Damaged Goods

Wayne McGregor and his dancers investigate and fight the inevitability of imperfection

For centuries, dancers have defined in movement their culture's idea of beauty—either in terms of physical perfection or spiritual transcendence. Only in the last century did choreographers think of tackling the everyday (Judson Dance Theater), the imperfect or deformed (butoh), and states that deconstructed the body or interrupted its "normal" flow patterns. An addled mind-body relationship can stand for a complicated world or a deranged one.

In preparing his AtaXia, British choreographer Wayne McGregor, whose own style is often feverishly disjunct, studied the eponymous muscular disease, capitalizing the "x" to stress that onsets of ataxia make take the form of sudden attacks that subside and leave the affected person functioning normally. He worked with his dancers to achieve the attendant confusion, disintegrating coordination, and failed muscle power. The result, shown at the Lincoln Center Festival, is a fascinating, disturbing dance, but in some curious way a hopeful one.

The environment itself shatters continuity and comprehension. Designer Lucy Carter and McGregor have backed the dance with a very dark, semi-reflective substance; dim reflections of the onstage activity flash intermittently within its depths, depending on Carter's lighting. Small translucent screens descend almost invisibly from time to time—not only to receive mysterious film images (by John Warwicker @ tomato) but to alter our perception. Suddenly (am I losing my vision?) two dancers seem out of focus, as if seen through a shower door. I understand what's happened only when they move out from behind a panel into centerstage clarity. Overhead neon lights flash. Individual rectangles of blue light jail the dancers, and, at one point, on a nearly black stage, the hems of their costumes glow blue.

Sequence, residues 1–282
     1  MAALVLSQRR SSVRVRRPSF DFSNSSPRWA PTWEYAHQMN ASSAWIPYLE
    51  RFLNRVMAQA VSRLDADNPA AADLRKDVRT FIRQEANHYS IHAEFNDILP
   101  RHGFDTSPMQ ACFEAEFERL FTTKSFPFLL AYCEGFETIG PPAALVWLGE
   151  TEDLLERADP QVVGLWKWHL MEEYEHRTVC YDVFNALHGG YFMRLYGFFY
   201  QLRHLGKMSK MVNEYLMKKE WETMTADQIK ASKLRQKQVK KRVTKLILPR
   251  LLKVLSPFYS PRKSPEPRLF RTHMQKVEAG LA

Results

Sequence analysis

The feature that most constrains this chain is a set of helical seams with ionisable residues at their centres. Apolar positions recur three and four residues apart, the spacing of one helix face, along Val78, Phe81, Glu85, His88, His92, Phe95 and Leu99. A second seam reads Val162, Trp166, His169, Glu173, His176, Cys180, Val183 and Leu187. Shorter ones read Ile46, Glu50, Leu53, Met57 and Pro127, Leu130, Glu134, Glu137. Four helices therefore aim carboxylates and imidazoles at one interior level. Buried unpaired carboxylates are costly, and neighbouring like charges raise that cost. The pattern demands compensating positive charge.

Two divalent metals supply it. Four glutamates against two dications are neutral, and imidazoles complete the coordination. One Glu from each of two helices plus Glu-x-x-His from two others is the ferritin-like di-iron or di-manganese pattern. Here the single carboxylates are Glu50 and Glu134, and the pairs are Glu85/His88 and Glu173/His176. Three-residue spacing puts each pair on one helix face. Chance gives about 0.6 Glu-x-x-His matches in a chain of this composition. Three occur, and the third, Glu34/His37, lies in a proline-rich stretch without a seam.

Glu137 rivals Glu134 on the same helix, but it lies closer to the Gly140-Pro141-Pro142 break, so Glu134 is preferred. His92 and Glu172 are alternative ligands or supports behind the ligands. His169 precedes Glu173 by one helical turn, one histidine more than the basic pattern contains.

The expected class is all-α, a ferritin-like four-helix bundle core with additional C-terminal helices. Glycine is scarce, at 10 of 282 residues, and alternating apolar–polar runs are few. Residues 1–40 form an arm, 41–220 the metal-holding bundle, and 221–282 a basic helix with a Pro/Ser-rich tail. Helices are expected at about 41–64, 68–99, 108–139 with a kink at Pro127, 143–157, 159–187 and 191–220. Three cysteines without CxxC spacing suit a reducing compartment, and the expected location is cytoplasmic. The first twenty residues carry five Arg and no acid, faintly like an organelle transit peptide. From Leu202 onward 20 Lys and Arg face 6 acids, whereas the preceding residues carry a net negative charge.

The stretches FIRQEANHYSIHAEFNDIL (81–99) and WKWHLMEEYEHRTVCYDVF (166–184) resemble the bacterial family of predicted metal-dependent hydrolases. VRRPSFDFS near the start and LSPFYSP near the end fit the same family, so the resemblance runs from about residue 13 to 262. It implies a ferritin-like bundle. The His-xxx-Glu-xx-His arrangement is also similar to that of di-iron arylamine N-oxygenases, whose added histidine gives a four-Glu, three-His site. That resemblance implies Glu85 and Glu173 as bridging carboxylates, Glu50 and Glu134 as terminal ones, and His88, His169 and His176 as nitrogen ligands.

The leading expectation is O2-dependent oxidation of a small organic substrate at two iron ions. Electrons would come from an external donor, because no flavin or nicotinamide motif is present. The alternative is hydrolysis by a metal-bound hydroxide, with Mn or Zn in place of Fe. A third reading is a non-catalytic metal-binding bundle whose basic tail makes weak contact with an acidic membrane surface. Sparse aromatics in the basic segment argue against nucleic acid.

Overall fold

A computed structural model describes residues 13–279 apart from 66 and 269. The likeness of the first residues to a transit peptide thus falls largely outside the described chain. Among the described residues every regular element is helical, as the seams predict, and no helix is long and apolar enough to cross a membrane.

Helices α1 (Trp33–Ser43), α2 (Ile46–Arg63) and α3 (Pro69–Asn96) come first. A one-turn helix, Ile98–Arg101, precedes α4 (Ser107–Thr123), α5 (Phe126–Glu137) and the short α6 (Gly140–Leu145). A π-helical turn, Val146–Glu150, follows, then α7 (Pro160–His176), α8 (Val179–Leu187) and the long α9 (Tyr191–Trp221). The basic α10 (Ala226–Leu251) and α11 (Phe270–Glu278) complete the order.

Michael Gordon's Trance, played by Icebreaker, is loud and abrasive; this powerful, disconcerting score switches course as unexpectedly as the dancers' faltering synapses, sometimes sounding like rock, sometimes like jangled 20th-century dissonance. Crashes may be interrupted by a flute or a sax; electrified strings wail; bass and guitar twang and thump; voices surface and drown; short, plucked notes build a repeating pattern; chaos erupts. Did I hear a waltz?

The tone is set at the beginning. One woman (Laila Diallo) is dancing; another is having trouble with her legs—they wobble, they toe in. Diallo helps her up and they dance, gradually sliding into unison. Then Diallo's legs crumple. It becomes clear that these 10 people are a tribe, bound together by disease. Often they haul one another up off the floor. At one point, some stand and hoist a partner's leg. A couple sits; the woman leans back against the man, and he rubs her belly.

In contrast to the curiously virtuosic moves denoting injury, the passages of powerful, skewed dancing—the leaps, the spins, the forceful unison—seem to represent control. The dancers often act as if they have a lot of "work" to cram in before their bodies fail them, sometimes wrenching themselves around as if to fight the onset of ataxia even as it's undermining their motor skills. Patterns also disintegrate; as performers follow one another in threading through a horizontal line, they cause the line to vanish.

For all the frequent isolation of individuals coping with their own debility, and for all the speed and violence of the hour-long piece, the dancers emerge as individuals: Claire Cunningham, Diallo, Antonia Grove, Khmalane Halsackda, Odette Hughes, Léo Lérus, Ngoc Anh Nguyen, Matthias Sperling, Hilary Stainsby, and Antoine Vereecken. Although, despite research, I can't accurately pin a name to each performer, I felt by the end of AtaXia as if I knew them all. That is as much a tribute to McGregor's gifts as is the brilliant disruptive choreography.

 
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